Meet the Author

Pedro Amaral |

Senior Research Economist

Pedro Amaral

Pedro Amaral is a senior research economist in the Research Department of the Federal Reserve Bank of Cleveland. His main areas of research are macroeconomics and labor economics, and he is particularly interested in the effects of financial intermediation frictions as well as episodes of the Great Depression in countries where it occurred.

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Meet the Author

Margaret Jacobson |

Senior Research Analyst

Margaret Jacobson

Margaret Jacobson is a senior research analyst in the Research Department of the Federal Reserve Bank of Cleveland. Her primary interests are macroeconomics, monetary policy, banking, and financial crises.

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10.06.11

Economic Trends

The Global Slowdown and Central Banks’ Responses

Pedro Amaral and Margaret Jacobson

After hitting a peak sometime in the middle of 2010, the economic recovery seems to have stalled. This observation seems to be true not only of the U.S. economy, but also of other developed economies and some emerging economies.

Both developed and emerging economies are facing very uncertain times. As a result, consumers and businesses are wary of using their funds and are playing it safe. While consumers avoid expenditures in durables and increase their level of precautionary savings, businesses put investment and expansion plans on hold and choose instead to hold risk-free assets. Uncertainty about future macroeconomic variables is precisely one of the channels Margaret Jacobson and Filippo Occhino identify as contributing to investment’s softness in the latest U.S. recovery.

In the developed world, the proximate source of this uncertainty seems to be tied to fiscal issues. In the United States the picture is stark: the fiscal year has just ended, but no formal budget has been approved (last year’s budget was not complete until April), the deadline for the super-committee charged with finding $1.5 trillion in debt cuts looms closer, the legal standing of the states’ challenges to the healthcare reform legislation is uncertain, and the $450 billion presidential job initiative is still in legislative limbo. On top of all that, there is a presidential election in 13 months. But when it comes to uncertainty, the United States has nothing on the Euro Zone. Across the Atlantic, the status of the whole monetary union is being questioned as its debt crisis continues to unravel.

The source of uncertainty in emerging economies is not fiscal, at least not directly. Instead, many emerging economies are very dependent on exports. China, for example, exports roughly a quarter of its GDP according to official statistics. The dependence on exports means that when the developed world’s growth prospects are uncertain, so are those of emerging-market economies. Emerging economies depend on exports because their middle classes are still in the process of developing enough purchasing power to sustain continued domestic demand.

Central banks around the world find themselves front and center in one of the largest contractions since the Great Depression. Their part is one that seems increasingly more difficult to play, as measures of headline inflation have not subsided since mid-2010, the time when output growth started to sputter. It should be noted that while the Federal Reserve’s explicit dual mandate is unusual as far as central banks go, even central banks that have only a strict inflation target seek to achieve their goal while sacrificing as little output as possible.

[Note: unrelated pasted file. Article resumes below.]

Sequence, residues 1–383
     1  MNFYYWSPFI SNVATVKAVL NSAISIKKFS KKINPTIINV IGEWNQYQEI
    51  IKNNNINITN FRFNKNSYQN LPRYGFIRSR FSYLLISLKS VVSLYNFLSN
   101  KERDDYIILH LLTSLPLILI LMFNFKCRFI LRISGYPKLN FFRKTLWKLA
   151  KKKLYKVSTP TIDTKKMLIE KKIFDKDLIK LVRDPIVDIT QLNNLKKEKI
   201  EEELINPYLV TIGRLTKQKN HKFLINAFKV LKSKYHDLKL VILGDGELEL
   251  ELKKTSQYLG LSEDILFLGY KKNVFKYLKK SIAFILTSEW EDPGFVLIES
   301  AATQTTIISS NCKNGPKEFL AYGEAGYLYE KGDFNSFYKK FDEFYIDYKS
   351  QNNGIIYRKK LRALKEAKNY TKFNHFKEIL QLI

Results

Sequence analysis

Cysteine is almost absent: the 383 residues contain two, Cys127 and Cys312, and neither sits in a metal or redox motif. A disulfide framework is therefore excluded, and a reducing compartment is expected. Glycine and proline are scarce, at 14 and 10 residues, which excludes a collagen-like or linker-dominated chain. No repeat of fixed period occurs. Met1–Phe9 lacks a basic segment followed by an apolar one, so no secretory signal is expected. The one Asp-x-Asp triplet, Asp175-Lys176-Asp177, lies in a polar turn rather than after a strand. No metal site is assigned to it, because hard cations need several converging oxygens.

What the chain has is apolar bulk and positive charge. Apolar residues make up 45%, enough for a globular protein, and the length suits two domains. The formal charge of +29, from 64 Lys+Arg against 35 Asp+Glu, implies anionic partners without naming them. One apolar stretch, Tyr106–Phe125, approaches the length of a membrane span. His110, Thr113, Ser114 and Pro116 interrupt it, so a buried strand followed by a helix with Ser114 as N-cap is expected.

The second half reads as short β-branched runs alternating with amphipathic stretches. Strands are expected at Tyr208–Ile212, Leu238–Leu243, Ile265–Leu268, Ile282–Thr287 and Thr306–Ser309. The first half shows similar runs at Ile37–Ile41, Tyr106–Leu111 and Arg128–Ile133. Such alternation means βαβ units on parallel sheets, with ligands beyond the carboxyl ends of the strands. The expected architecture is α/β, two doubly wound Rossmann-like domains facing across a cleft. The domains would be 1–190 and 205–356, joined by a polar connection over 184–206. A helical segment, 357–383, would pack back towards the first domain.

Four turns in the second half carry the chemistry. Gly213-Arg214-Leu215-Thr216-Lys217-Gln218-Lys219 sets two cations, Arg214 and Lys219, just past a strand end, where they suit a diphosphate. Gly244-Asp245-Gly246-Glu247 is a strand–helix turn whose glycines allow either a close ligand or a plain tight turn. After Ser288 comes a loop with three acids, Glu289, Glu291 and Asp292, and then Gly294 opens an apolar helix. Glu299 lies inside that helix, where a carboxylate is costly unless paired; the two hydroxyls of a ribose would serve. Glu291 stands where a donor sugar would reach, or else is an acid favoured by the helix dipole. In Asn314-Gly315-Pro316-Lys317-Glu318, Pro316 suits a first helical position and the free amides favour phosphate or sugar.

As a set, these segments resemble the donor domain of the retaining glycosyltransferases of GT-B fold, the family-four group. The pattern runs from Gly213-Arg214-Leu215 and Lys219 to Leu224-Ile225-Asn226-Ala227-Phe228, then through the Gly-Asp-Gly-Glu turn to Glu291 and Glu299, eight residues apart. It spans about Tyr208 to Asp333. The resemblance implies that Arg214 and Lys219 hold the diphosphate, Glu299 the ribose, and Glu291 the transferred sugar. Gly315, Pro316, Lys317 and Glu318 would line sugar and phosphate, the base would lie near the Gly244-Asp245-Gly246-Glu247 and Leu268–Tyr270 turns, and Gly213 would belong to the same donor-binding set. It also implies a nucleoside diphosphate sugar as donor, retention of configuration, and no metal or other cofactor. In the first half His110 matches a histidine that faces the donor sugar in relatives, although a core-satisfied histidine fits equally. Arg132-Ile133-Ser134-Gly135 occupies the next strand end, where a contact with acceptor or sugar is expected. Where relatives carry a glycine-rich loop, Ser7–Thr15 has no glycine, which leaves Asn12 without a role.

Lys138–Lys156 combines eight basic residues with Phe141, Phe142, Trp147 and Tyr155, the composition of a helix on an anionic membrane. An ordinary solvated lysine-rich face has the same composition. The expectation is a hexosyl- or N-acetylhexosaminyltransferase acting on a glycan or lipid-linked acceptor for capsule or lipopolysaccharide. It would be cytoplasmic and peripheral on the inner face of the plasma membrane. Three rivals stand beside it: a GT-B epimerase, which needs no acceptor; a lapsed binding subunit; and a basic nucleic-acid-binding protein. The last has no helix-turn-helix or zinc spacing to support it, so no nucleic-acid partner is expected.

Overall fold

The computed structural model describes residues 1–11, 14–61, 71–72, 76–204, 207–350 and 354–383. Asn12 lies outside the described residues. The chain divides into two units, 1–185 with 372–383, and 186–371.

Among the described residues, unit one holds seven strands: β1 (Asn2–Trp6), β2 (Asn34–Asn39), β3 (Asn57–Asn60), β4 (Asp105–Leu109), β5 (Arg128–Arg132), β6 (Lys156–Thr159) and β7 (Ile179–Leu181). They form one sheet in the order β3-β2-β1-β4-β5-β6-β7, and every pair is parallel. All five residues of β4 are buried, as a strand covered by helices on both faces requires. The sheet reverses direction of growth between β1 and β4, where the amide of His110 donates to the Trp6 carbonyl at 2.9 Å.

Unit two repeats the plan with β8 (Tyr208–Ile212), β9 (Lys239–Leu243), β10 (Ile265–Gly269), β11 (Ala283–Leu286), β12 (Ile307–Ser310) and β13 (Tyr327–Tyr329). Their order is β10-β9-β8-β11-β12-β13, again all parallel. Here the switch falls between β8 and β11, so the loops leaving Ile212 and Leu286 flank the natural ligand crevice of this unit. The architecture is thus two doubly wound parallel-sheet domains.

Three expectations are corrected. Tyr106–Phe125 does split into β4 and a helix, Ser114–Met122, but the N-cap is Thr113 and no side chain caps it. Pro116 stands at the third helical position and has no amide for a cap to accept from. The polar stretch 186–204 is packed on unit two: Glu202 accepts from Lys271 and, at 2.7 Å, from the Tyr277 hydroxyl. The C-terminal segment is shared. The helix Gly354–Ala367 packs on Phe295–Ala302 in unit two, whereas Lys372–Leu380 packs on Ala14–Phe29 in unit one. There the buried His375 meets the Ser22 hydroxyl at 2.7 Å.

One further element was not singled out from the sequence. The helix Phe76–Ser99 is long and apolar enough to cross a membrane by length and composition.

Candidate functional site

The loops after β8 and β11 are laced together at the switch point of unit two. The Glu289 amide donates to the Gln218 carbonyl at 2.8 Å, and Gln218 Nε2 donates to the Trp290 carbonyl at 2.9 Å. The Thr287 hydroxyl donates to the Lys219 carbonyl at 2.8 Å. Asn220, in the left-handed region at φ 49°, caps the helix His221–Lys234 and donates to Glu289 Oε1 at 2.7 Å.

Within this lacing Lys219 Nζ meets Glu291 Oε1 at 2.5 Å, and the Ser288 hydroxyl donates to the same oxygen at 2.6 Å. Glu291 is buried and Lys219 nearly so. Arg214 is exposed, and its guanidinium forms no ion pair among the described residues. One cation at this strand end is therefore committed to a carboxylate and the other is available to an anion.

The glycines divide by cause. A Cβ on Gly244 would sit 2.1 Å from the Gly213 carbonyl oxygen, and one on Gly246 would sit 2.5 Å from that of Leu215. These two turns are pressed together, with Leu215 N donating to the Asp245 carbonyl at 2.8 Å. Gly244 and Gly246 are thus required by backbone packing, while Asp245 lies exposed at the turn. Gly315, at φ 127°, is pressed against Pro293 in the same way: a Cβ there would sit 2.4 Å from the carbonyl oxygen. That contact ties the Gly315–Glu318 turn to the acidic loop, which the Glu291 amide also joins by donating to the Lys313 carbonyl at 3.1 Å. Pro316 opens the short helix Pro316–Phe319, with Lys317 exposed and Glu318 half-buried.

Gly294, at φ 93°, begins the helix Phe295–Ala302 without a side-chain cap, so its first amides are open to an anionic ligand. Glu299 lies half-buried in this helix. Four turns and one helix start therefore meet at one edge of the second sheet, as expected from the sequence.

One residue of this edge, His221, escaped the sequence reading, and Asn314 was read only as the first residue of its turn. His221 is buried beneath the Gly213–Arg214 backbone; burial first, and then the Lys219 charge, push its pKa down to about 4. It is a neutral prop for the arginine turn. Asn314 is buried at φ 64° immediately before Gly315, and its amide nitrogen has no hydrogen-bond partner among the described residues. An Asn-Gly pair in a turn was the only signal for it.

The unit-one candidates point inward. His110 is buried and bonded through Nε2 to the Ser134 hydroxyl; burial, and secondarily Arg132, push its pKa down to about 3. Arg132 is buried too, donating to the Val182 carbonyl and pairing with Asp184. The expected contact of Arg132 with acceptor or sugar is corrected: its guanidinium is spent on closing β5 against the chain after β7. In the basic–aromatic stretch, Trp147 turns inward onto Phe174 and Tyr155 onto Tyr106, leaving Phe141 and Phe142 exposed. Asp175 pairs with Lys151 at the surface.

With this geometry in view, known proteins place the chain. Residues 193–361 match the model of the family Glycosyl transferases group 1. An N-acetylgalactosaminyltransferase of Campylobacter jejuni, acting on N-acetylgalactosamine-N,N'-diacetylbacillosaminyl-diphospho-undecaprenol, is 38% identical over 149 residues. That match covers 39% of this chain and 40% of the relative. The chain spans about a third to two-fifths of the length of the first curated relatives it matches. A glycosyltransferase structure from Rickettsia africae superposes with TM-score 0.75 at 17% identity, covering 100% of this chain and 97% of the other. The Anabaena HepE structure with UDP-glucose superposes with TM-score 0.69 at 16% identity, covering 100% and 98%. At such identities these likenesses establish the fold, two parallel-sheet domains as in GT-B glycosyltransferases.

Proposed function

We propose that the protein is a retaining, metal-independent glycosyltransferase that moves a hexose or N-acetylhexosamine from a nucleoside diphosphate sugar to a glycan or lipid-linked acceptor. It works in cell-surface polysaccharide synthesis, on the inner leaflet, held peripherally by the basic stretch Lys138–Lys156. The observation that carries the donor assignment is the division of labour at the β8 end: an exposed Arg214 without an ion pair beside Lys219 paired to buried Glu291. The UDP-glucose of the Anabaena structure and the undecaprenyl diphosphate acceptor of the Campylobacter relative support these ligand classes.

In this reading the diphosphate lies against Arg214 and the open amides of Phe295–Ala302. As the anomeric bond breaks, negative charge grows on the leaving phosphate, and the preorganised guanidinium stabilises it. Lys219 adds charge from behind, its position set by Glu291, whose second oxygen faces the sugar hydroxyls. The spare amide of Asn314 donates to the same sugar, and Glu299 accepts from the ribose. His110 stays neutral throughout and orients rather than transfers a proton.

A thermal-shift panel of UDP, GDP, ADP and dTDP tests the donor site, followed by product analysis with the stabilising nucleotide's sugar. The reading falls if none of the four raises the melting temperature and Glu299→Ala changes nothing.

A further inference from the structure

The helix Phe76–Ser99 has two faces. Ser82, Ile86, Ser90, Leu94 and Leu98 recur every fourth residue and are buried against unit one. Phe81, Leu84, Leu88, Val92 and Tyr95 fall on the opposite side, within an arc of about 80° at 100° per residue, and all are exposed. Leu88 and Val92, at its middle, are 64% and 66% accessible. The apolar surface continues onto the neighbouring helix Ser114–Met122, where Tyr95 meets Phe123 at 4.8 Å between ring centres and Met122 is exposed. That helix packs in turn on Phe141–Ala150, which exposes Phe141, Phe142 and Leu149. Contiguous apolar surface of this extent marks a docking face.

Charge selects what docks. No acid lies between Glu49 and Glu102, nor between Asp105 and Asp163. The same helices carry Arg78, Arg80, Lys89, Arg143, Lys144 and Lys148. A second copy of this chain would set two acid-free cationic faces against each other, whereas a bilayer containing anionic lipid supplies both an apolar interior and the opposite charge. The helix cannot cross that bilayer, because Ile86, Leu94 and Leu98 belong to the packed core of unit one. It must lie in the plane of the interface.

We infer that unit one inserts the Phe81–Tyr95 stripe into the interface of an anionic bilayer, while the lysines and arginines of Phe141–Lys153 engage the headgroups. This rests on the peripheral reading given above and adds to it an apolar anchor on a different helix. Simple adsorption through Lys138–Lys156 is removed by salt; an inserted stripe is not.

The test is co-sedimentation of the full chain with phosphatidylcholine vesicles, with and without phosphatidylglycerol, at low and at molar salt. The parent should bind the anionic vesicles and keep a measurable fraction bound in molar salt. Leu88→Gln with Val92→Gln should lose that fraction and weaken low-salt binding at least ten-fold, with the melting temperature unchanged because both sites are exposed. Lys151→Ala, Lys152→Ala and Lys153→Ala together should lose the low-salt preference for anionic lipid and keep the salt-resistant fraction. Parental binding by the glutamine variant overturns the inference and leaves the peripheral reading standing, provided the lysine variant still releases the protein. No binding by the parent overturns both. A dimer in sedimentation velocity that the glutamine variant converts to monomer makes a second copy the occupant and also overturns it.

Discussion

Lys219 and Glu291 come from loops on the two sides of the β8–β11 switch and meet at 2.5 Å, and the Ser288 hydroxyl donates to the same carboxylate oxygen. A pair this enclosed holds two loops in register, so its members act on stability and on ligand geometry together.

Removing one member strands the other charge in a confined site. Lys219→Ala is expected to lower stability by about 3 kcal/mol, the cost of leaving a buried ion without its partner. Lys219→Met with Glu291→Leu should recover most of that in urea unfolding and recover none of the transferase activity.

Central banks around the world have been reacting to the slowdown. In the United States, the Federal Reserve’s stance has been rather accommodative since the start of the recession. The federal funds rate remains as low as it can be, and unorthodox balance sheet approaches have been taken to deal with concerns about output, unemployment, and housing markets. Such moves have continued even in the face of increasing inflation (a core measure of U.S. inflation is currently at 2 percent, below the headline measure, but on its way up).

Meanwhile, in the Euro Zone, the European Central Bank’s (ECB) stance has been arguably less accommodative. It tightened twice early this year, reflecting inflation concerns, but the tightening cycle is likely over. The ECB has not tightened further in its last two meetings, and it is reportedly not doing so at its October meeting. The question is, rather, whether it will decrease its policy rate in the face of disappointing growth data and subdued inflation.

In emerging economies, the picture is slightly different. Some economies, like Brazil, experienced large increases in capital flows during 2009-2010, which, together with increases in commodity and energy prices, added to the inflationary pressures. This resulted in a tightening cycle throughout the emerging-market world. On the year, policy rates are up 125 basis points in Brazil, 50 in Russia, 200 in India, and 75 in China. More recently, though, the Banco Central do Brazil has started cutting its policy rate. Could the trend in emerging markets’ monetary policy be shifting?